7.      Military Somewhat Eases Rules On Afghan War Photographs.  Politico (10/16, Gerstein, 25K) reports, "US military commanders in Afghanistan are retreating somewhat from an effort to ban embedded journalists from publishing photos or video of American soldiers killed in action there, according to ground rules issued Thursday," after "the new limitations on embeds — put in place after a flap between the Pentagon and the Associated Press over a photo of a wounded soldier…elicited deep concerns from military journalists and press advocates." While "ground rules issued Sept. 15 by the US military’s regional command for Eastern Afghanistan imposed a strict ban on any imagery of American personnel killed in the fight," new rules issued yesterday allow "photographs of unidentifiable war dead," a move that "didn’t do much to assuage critics of the military’s restrictions on reporting."
      The
Washington Post (10/16, A7, Tyson, 684K) reports, "The revised ground rules ease the Sept. 30 restriction by allowing casualties to be photographed, but the publication prohibition remains." The Post adds that "the new set of rules appears contradictory, though. Another provision permits release of images of wounded troops if they give permission, stating that ‘in respect to our family members, names, video, identifiable written/oral descriptions or identifiable photographs of wounded service members will not be released without the service member’s prior written consent.’" 

8.      Obama Urging Stimulus Payment For Seniors, Vets, Others.  In continuing coverage, the AP (10/16) reports, "There will be no cost-of-living increase for more than 50 million Social Security recipients next year, the first year without a raise since automatic adjustments were adopted in 1975." The Obama Administration, however, "is pursuing a different way to boost recipients’ income: This week," the President "called for a second round of $250 stimulus payments for seniors, veterans, retired railroad workers and people with disabilities." The White House "put the cost of the payments at $13 billion. Obama didn’t say how the payments should be financed, leaving that up to Congress." The WWAY-TV Wilmington, NC (10/15) website published a similar story.
     
Stars And Stripes (10/16, Shane), meanwhile, reports, "Millions of veterans could get another $250 stimulus check next year if President Barack Obama can convince lawmakers that the move is needed to help the economy. The plan would follow the economic recovery checks sent out this spring to senior citizens, disabled workers and some veterans as part of the broader stimulus package. Veterans and their survivors who are currently receiving disability compensation, dependency and indemnity compensation, or pension payouts would qualify" for the check, as would any "veteran receiving Social Security benefits."
     
Paperwork Found To Prove Vietnam Vet’s Citizenship.  The San Diego Union-Tribune (10/16, Wilkens) reports Bob Gould, "a 62-year-old Vietnam War veteran living in San Marcos, had been trying since November to prove his citizenship in order to collect his Social Security benefits." Gould came to the US "with his parents from Canada in 1953. His parents were naturalized five years later, and based on their status, Gould applied for ‘derivative’ citizenship in 1966," but after he "retired from his county government job this year and sought Social Security payments, the government said it had no record of his naturalization paperwork and refused to pay benefits of roughly $1,500 a month." On Wednesday, however, Gould "got a phone call from immigration officials saying they found his file in an archive in Los Angeles."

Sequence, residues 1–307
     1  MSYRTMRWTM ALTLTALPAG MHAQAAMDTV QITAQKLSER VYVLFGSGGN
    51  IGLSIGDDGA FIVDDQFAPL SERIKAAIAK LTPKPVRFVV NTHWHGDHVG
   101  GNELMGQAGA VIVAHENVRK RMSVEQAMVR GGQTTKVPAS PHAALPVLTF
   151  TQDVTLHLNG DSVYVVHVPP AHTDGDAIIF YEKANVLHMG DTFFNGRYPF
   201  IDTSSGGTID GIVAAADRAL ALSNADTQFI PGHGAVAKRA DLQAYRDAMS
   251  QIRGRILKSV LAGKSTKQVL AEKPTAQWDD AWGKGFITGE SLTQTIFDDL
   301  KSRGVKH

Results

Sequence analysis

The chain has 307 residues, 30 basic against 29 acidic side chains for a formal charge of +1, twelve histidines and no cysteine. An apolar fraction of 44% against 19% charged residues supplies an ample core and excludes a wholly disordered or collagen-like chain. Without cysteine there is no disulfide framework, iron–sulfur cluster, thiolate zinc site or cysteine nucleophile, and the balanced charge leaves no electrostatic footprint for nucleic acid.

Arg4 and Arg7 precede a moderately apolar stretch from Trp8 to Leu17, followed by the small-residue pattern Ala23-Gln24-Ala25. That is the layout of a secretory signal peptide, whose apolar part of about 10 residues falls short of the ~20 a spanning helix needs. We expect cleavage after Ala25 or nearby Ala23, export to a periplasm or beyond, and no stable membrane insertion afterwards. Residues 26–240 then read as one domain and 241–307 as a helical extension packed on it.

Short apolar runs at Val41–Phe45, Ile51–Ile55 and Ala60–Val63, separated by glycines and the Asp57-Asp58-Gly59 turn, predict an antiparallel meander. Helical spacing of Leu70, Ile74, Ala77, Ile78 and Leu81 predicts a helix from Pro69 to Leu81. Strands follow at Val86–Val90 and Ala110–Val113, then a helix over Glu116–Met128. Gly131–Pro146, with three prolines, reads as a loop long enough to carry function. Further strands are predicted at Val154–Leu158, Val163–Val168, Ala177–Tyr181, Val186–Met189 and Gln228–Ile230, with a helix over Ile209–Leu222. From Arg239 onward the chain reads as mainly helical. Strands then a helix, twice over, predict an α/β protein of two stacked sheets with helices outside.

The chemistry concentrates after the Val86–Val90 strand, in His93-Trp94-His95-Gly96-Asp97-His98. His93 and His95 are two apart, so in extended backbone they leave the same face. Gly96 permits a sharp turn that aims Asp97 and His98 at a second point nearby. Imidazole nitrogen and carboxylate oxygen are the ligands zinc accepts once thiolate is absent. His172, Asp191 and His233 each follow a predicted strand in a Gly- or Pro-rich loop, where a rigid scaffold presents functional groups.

9.      Court Sides With VA In Parasitic Disease Case.  The Courthouse News Service (10/16) reports, "The Department of Veterans Affairs had no duty to diagnose a Gulf War veteran with a parasitic disease and warn him that he could spread it to his wife and two children, the 6th Circuit ruled." During the "first Persian Gulf War, Arvid Brown Jr. contracted Leishmaniasis, a parasitic disease common in the Middle East that’s spread by infected sand flies." The veteran later "allegedly transmitted the disease to his wife," Janyce Brown, "who gave it to their children in utero." Janyce "and her two minor children" then "sued the VA under the Federal Tort Claims Act in Michigan Federal Court, claiming the agency failed to properly diagnose Arvid and warn him that he could spread the disease to his family." But Arvid’s "wife and children ‘were not foreseeable victims of any failure by the VA to diagnose Mr. Brown with Leishmaniasis,’" a judge "concluded, and the VA owed them no duty of care under Michigan law." The AP (10/16, White) also notes the ruling. 

10.    Obama "Committed" To Building VA Hospital In New Orleans.  In its "Louisiana Government & Politics" blog, the New Orleans Times-Picayune (10/15, Barrow) noted that during a speech he gave in New Orleans on Thursday, President Barack Obama said, "We remain committed to building a new" Veterans Affairs hospital. At that time in his speech, he was "in the process of ticking off a list of rebuilding and recovery priorities."